The Long story short is the church grew to more than 500 people under Tom’s leadership. Growth forced a move to larger quarters, but Tom stayed in medicine.

He was a single salary/bivocational pastor taking no money from the church. He remained devoted to his career but more devoted to the pastorate. This made him unique among bivocational pastors.

Eventually, the church grew large enough that he had to choose between two career paths. He chose medicine. But the church continues to thrive under Dan Boyd who succeeded him.

BiVo As A Goal

We often think of BiVo as a fallback or supplement to a pastor salary. Tom was a different animal. To make this work he became an excellent delegator.

He once told me that his goal was to give only eight hours a week to the church. He ran a two-hour staff meeting, spent a few hours in sermon prep and the rest of the time went to Sunday activities. The church hired staff members to carry the rest of the load.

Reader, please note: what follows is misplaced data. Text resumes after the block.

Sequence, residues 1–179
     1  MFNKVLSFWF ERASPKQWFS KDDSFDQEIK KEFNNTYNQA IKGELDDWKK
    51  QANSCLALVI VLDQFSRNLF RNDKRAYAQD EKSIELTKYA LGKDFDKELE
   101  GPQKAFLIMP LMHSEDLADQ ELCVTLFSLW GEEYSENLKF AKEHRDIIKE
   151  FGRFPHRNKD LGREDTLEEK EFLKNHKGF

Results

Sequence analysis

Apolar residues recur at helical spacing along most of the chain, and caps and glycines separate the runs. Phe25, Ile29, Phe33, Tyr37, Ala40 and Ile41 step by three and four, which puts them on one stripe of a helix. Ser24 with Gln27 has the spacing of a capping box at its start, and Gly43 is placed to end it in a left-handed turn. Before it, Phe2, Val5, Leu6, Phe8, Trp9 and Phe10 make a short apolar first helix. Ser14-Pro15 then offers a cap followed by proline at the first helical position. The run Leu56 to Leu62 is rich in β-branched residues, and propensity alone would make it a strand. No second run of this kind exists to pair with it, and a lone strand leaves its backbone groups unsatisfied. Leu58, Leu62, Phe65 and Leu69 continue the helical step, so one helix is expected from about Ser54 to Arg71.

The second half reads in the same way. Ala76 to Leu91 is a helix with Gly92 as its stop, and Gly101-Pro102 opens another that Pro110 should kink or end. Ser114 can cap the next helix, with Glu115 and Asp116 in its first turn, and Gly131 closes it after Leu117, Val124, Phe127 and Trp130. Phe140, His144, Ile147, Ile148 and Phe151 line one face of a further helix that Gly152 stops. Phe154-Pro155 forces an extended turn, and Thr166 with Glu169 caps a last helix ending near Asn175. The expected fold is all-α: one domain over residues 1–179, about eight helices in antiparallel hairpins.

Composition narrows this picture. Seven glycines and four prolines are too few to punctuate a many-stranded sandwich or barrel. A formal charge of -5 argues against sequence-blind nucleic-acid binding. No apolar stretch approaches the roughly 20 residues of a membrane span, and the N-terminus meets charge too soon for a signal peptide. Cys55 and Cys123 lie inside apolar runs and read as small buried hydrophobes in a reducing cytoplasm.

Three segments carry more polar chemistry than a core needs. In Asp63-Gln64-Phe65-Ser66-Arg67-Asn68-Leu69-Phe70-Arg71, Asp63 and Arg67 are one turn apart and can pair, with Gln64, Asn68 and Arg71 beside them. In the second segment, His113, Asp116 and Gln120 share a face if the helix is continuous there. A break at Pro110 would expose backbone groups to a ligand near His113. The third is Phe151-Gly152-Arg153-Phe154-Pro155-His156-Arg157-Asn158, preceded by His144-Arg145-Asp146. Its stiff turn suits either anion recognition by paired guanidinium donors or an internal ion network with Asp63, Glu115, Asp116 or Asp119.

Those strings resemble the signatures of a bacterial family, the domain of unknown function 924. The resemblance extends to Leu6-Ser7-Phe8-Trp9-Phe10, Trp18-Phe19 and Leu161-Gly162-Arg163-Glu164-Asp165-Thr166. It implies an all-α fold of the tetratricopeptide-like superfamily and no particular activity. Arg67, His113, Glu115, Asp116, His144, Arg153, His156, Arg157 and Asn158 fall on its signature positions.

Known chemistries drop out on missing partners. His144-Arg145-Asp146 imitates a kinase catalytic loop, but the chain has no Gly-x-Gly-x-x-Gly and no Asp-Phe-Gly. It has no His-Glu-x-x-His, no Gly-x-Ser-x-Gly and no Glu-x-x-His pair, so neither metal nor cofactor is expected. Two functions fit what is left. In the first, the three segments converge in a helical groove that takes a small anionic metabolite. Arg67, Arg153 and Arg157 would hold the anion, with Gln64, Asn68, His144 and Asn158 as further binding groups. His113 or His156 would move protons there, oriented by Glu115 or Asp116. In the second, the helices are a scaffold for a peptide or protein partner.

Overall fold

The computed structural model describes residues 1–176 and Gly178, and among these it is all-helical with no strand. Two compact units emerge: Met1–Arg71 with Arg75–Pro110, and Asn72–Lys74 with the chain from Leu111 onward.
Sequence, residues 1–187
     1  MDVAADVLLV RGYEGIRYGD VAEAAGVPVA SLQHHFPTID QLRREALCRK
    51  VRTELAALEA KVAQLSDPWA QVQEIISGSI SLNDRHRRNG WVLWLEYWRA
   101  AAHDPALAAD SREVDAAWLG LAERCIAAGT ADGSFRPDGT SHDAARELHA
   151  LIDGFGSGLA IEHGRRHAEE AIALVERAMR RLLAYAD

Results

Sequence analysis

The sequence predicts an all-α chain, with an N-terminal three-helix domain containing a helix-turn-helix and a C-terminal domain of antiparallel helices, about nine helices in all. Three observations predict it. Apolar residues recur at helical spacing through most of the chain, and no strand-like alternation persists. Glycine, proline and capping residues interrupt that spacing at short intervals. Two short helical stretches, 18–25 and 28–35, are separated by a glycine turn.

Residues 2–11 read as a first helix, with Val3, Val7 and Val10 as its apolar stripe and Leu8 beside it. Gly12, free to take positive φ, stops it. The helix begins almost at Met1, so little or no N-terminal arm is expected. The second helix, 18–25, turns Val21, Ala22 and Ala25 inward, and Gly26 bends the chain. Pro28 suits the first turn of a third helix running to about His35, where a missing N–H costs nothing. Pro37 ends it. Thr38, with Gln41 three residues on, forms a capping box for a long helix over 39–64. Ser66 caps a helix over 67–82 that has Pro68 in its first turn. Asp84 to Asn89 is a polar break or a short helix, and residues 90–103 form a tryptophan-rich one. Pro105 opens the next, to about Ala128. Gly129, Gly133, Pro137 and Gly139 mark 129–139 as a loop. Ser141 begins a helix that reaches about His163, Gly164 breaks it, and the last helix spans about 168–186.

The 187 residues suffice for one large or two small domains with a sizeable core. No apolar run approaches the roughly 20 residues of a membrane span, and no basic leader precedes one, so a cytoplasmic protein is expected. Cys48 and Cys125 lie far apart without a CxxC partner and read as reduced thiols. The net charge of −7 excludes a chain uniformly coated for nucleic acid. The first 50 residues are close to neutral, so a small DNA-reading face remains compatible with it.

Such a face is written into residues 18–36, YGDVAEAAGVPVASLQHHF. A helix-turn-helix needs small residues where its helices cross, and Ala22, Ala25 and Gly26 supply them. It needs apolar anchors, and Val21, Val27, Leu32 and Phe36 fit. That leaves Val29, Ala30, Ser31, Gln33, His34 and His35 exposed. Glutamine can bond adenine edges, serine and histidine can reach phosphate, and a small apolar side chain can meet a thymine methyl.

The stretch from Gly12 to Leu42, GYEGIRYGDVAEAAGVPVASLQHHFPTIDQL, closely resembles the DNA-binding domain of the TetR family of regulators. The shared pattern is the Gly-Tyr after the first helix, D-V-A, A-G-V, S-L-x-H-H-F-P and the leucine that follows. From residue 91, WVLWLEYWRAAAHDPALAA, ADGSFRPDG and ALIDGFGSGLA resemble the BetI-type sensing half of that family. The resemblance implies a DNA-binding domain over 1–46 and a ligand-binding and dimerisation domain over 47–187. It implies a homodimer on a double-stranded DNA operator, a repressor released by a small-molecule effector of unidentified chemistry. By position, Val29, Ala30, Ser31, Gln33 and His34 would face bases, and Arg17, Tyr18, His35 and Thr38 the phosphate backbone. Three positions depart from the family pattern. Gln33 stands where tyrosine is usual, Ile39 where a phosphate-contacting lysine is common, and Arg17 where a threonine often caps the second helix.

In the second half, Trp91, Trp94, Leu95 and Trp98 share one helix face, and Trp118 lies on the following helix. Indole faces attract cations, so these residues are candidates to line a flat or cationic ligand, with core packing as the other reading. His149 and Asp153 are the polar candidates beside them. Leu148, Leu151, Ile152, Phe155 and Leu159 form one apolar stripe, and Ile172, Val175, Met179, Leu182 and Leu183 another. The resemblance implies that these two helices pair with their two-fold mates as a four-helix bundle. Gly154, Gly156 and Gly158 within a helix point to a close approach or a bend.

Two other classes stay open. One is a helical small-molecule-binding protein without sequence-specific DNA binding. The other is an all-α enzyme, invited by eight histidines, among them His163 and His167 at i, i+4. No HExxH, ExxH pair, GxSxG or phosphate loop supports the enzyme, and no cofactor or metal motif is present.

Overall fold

Tom has since gone to heaven. Dan has expanded the reach of their church, Hope Chapel Santa Rosa. They have planted congregations in California, alongside rapid church planting in Fiji.

So what’s my point? There are thousands, if not millions of Tom McCarthy’s out there. These people could pastor a church while never leaving their career. We discipled Tom into ministry beginning shortly after his conversion. It took almost a decade before he was ready to plant a “house church,” or “microchurch.” It takes longer to train a pastor by disciplemaking than by seminary. But the payoff is huge.

Cutting Costs